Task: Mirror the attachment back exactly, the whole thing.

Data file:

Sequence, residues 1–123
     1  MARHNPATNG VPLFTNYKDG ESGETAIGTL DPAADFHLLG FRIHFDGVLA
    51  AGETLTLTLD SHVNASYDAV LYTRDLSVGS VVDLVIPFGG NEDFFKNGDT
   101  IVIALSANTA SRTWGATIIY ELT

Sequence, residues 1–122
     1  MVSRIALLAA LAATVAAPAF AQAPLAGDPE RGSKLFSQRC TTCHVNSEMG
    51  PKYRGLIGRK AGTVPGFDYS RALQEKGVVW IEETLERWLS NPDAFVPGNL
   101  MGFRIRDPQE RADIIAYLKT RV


Sequence, residues 1–123
     1  MARHNPATNG VPLFTNYKDG ESGETAIGTL DPAADFHLLG FRIHFDGVLA
    51  AGETLTLTLD SHVNASYDAV LYTRDLSVGS VVDLVIPFGG NEDFFKNGDT
   101  IVIALSANTA SRTWGATIIY ELT

Sequence, residues 1–122
     1  MVSRIALLAA LAATVAAPAF AQAPLAGDPE RGSKLFSQRC TTCHVNSEMG
    51  PKYRGLIGRK AGTVPGFDYS RALQEKGVVW IEETLERWLS NPDAFVPGNL
   101  MGFRIRDPQE RADIIAYLKT RV